Abuse cases – avoiding them altogether
In the name of Allah, the Gracious, the Merciful
There is none worthy of worship except Allah, Muhammad is the Messenger of Allah
Muslims who believe in the Messiah,
Hazrat Mirza Ghulam Ahmad Qadiani (as)

Abuse cases – avoiding them altogether

Across the globe, events of sexual abuse, rape and harassment are day-to-day occurrences, influencing millions of children and countless women and men, leaving devastating effects on their lives.

Be that as it may, regardless of the inescapability of these violations, laws are deficient and, in some cases, helpless. The rise in sexual harassment scandals coming to surface over the past decade has dismantled and degraded the very spirit and soul of societies all over the world.

A documentary film, directed and produced by British filmmaker Dan Reed, which goes by the title Leaving Neverland, premiered on HBO recently. It includes new allegations of child sex abuse against the famous pop icon Michael Jackson.

#MeToo and #TimesUp movements reflect the ferociousness of similar exploitations at work, home, school and especially in the media industry.

Meanwhile, there is a great debate to find the causes which lead to these vicious crimes and moreover to define the actions as to where one should draw the line. For many, even a handshake or a hug could be considered inappropriate behaviour or an act of advancement.

On the other hand, the statements like that of US Congresswoman Marcy Kaptur are on the record where she described a woman’s dress so revealing that it was nothing but an open invitation. She clarified (or had to clarify) on a later occasion that her intention was not to cast blame on the victims of sexual harassment.

Even though Western societies are boastfully presented as strongholds of women equality and the Eastern world is portrayed as the oppressor of women’s rights and of freedom of expression,  recent scandals of mistreatment of women in show business and parliaments seem to suggest otherwise.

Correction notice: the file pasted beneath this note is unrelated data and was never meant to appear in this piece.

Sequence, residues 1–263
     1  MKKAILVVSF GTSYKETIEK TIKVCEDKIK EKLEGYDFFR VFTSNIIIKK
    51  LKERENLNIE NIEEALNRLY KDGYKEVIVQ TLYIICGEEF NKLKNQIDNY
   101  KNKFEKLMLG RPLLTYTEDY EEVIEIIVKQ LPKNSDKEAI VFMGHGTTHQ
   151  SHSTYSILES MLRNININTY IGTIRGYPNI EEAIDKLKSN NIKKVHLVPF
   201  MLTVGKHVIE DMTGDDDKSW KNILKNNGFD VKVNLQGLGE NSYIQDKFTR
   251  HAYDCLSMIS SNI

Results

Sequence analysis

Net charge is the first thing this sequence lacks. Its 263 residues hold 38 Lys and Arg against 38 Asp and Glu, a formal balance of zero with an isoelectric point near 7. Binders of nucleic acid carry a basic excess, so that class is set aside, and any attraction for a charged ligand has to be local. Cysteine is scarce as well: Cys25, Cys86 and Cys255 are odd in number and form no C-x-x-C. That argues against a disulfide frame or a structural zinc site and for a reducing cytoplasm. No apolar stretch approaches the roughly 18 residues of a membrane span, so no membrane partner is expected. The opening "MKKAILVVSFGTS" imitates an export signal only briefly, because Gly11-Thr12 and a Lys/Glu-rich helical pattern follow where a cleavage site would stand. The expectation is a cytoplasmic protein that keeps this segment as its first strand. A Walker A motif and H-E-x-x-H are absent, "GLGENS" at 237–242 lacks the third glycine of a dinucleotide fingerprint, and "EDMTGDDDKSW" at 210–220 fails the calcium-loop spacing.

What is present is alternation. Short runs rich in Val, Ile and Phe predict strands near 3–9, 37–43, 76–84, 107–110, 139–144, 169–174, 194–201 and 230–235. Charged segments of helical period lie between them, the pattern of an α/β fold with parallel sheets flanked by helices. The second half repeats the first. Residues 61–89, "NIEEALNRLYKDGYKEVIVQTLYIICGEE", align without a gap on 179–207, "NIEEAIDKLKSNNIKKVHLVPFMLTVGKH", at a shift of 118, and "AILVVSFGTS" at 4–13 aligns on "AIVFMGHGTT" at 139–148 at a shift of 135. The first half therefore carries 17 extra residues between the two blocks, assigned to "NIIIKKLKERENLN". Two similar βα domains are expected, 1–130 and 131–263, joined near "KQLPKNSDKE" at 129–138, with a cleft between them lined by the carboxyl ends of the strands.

The segregation of men and women in Islam is taken as a threat to the freedom of both genders, although it is opposite to the general perception. The Islamic idea of gender segregation is based on a model of virtue, compulsory on both men and women that enables both to keep up limits of respect, modesty and dignity between each other.

The worldwide head of the Ahmadiyya Muslim Jamaat, Hazrat Mirza Masroor Ahmad, Khalifatul Masih V(aa )highlighted in an address how authorities in Berlin were forced to erect a separate “safe zone” for women at a New Year’s Day celebrations, whilst “women-only” concerts had been proposed in another European state.

Shedding light on the circumstances leading to the recent scandal that triggered various movements of women’s rights, Huzoor(aa )said:

“Men have sought opportunities to take advantage of women and to mentally or physically abuse them, and in some cases, it escalated to what can only be termed as torture … The question is why were women abused across the world? The answer, whether they like it or not, is the free-mixing that took place which meant that the women were unable to safeguard themselves.”

In the rising world of allegation and accusation being carried out against the teachings of Islam, Huzoor(aa )said that Waqifaat-e-Nau should be “spearheading” the movement to portray the real true picture of Islam “without any fear or complex”.

Huzoor(aa )said:

“You should openly proclaim the fact that you take pride in your modest dress, in your Hijab and in keeping a distance from men. You should openly declare that these are the essential safeguards that Allah the Almighty has chosen in order to protect women, and so rather than being a restriction, Hijab is actually a supreme right and protection afforded to Muslim women.” (Concluding Address, UK National Waqifaat-e-Nau Ijtema, 24 January 2018)

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